News & Observer, By Christa Gala

If you’ve got any age on you at all, you probably grew up in a home where you shared a bedroom with a sibling—or a bathroom at least. Maybe you remember being shushed during a phone call while the family watched television in the den. These days, however, some homeowners are asking builders to create separate rooms to accommodate different hobbies and lifestyles, entire spaces reserved for painting, praying, exercising, and growing plants, among other things.

“If you go back to the fifties, housing was really a shelter and a place for people to live and have the necessities,” says Jon Rufty, owner of Jon Rufty Homes, Inc. “As disposable income has allowed people to do more, you started seeing more bedrooms and bathrooms. We’re especially seeing more single-purpose rooms, where in the past spaces were designed more for multi-tasking.”


Rufty, in business 17 years, isn’t talking about bonus rooms or mud rooms or the wonderful walk-in closet, all of which have been mainstays in homes in many price ranges for decades. It’s possible, however, that these rooms were early inspiration for the requests he receives now—the catalyst that got the mind imagining.

Rex Bost, president of Bost Custom Homes, says most of his high-end clients request wine cellars, theater rooms, saunas and exercise rooms. But now people are getting more creative, says Bost, who’s built a two-story greenhouse and even a Christmas room, in which the tree stays up all year and sliding doors off a common area open to reveal the tree when the holiday approaches.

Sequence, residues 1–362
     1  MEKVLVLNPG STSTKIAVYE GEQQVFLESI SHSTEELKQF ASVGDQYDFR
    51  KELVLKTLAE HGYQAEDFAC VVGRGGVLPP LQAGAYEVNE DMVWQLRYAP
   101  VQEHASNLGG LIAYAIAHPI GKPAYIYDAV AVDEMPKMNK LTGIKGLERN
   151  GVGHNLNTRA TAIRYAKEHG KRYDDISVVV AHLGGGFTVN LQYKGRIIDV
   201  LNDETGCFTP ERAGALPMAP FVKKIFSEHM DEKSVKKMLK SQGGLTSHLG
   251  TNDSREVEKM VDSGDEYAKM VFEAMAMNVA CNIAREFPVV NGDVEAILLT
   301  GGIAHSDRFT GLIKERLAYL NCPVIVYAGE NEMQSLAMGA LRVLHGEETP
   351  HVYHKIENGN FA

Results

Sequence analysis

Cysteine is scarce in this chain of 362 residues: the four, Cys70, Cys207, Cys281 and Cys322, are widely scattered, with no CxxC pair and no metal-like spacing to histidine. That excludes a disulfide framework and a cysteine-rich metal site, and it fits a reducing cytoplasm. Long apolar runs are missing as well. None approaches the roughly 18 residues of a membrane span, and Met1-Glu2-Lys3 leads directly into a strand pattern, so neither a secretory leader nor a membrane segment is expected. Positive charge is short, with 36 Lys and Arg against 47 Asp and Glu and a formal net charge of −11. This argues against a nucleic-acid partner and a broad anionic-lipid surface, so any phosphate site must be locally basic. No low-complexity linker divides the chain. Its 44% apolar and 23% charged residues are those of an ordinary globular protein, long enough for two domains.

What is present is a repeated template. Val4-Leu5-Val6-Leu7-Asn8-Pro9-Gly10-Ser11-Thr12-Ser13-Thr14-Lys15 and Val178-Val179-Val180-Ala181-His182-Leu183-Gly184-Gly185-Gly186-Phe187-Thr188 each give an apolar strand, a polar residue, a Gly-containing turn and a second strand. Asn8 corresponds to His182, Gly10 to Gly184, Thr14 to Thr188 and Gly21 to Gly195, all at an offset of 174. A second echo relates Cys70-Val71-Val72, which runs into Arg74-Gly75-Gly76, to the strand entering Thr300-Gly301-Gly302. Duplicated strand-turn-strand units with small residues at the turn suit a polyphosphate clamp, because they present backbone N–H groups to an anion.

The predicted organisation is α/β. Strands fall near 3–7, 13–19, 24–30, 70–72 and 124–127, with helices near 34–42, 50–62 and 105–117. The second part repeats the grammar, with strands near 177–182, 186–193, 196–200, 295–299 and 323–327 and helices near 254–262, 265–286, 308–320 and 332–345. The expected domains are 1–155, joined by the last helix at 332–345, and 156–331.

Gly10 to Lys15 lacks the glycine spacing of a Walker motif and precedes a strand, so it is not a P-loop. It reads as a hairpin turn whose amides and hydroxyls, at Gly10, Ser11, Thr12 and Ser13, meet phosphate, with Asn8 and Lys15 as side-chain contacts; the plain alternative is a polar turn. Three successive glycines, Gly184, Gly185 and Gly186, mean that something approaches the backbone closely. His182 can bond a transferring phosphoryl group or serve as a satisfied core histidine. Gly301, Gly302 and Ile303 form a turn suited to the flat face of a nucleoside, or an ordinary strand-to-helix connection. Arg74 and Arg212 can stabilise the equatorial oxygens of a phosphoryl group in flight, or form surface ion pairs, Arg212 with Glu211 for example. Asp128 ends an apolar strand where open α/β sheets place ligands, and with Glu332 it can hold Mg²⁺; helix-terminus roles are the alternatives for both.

He’s also had requests for what he calls a back room kitchen or scullery, featuring full cooking and cleaning facilities as well as storage for cookware.

“The purpose for that room has ranged from having a place for caterers to work to keeping strong cooking smells out of the main living areas,” Bost says. “It also has sprung from the recognition that the kitchen is the gathering hub of the home and needs to be more open and less cluttered.”

What’s causing homeowners to customize these high-end homes so specifically?

“One of the drivers of the pull-out-the-stops design has been the shift toward placing a larger portion of their investments in real estate versus financial markets,” says Bost, with 19 years of homebuilding experience.